Penn's season ends with March Madness loss to top seed Kansas

PENN16_011
Penn guard Antonio Woods looks to shoot between Kansas defenders Udoka Azubuike (35) and Malik Newman (14) in the first half.

WICHITA, Kan. – It was all going so well early for Penn. The Quakers were controlling the tempo, making three-pointers, and, most of all, silencing the mostly partisan Kansas crowd.

Then the shots stopped falling and Devonte’ Graham started playing up to his Big 12 player-of-the-year form.

With Graham totaling 29 points, six rebounds, and six assists, top-seeded Kansas defeated No. 16 Penn, 76-60, in an opening-round NCAA Midwest Regional game Thursday at Intrust Bank Arena.

The Quakers (24-9) end a season in which they shared the regular-season Ivy League title with Harvard and beat the Crimson in an epic league-championship game to earn their first NCAA berth since 2007.

Penn also scared the daylights out of one of college basketball’s signature programs, one making its 29th straight NCAA appearance.

“This was no 16-point game,” said Kansas coach Bill Self. “It was much closer than that.”

Since 1985, when the NCAA first included a No. 16 seed, the lower seed has never defeated a No. 1. Early on, Penn appeared on the verge of making history.

“I couldn’t be more proud of my guys and how we played and competed and did everything I would hope,” Penn coach Steve Donahue said.

After Antonio Woods’ driving layup with 8 minutes, 35 seconds left in the first half extended Penn’s lead to 21-11, Kansas began playing like a top seed. The Jayhawks (28-7) closed out the half on a 22-5 run for a 33-26 advantage at intermission. In doing so, they got the crowd in the arena back. The court is just 2 1/2 hours from their campus.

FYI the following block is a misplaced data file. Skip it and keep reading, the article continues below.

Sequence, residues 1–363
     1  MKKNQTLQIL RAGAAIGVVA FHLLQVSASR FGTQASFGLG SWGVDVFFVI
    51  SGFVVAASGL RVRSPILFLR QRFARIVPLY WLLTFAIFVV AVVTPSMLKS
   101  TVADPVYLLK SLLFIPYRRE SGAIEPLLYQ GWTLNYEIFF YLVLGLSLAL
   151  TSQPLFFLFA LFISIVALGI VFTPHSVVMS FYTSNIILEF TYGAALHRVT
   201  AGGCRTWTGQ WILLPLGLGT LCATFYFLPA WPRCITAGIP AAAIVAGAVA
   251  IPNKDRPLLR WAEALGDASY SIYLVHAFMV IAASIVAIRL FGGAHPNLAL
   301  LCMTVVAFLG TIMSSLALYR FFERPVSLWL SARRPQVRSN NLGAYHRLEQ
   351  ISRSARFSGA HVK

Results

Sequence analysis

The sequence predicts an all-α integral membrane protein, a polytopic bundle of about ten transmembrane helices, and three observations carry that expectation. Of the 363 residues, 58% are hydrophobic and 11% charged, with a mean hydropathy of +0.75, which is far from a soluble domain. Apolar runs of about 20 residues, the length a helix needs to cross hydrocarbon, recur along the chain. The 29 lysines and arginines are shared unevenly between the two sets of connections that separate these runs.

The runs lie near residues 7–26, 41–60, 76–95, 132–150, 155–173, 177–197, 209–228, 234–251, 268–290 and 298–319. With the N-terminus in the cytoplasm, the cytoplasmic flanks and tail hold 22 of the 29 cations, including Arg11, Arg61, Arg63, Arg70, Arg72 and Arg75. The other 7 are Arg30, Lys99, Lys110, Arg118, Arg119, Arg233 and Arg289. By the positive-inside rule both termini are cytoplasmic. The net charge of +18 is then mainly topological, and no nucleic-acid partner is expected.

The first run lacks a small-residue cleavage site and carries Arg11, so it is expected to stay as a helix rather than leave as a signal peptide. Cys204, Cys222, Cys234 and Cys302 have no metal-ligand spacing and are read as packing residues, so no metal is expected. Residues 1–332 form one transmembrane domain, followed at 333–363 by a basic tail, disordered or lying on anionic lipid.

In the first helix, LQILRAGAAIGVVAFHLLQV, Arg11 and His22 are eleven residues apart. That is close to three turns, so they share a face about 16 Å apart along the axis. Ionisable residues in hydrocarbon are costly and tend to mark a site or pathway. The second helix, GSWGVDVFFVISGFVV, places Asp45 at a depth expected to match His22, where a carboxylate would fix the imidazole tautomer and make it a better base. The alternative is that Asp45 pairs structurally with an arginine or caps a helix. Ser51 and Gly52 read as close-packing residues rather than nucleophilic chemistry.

Early in the game, Graham was getting by Penn’s defense  with relative ease but wasn’t finishing. For the game Graham shot 9 for 24, but many of the misses came in the first part of the first half

“I just wasn’t  finishing, not making my shots that I usually make,” Graham said.

That all changed as he rediscovered his jumper. During that  22-5 run he scored 15 of his 19 first-half points.

For most of the first half, Graham was guarded by Penn point guard Darnell Foreman.

When Graham changed, so did Kansas.

“He was able to finish at the rim,” Foreman said of Graham. “So again, just a credit to him, just in a sense of  taking over.”

The Quakers trailed by 50-37 with 14 minutes, 34 seconds left in the second half on a jumper by Syi Mykhailiuk, but got to within 52-48 when Caleb Wood hit a three-pointer with 11:23. left. From there, Kansas slowly pulled away.

Penn simply got worn down by the Jayhawks’ athleticism.

“The difference between Ivy League teams and Kansas is that Kansas has long, athletic dudes, they have guys who can make shots at such a high volume, and I think that is where we had to defend at such an elite level and we fell a little bit short there,” said sophomore forward A.J. Brodeur, who had 14 points, sharing team scoring honors with Wood.

 

The Quakers entered the game shooting just 66 percent from the foul line and they were let down in this area, hitting just 5 of 14, including one of their first eight. Conversely, Kansas hit 15 of 17 free throws.

But in the end, the Jayhawks had too much size, depth, quickness, and Graham for the Quakers to handle.

“They got size inside, but the thing hardest to go against is the pace they play at with the athletes they have,” Donahue said. “They have three to four wings who are really fresh and athletic, and I thought that wore us down, and when we got open shots late in the game we just didn’t have our legs.”

Among those wings was dangerous 6-foot-5 junior Lagerald Vick, who had 14 points, hitting 5 of 7 from the field.

The Quakers, who were 13-15 a season ago, certainly return to Philadelphia with their heads held high and their basketball future bright. Among rotation players, Foreman and Wood must be replaced, but the Quakers have  a relatively young nucleus and the goal is be playing in mid-March next year.

“It is encouraging to know how far we have come and how far we have to go, and the sky is the limit for us,” Brodeur said. “We will be back.”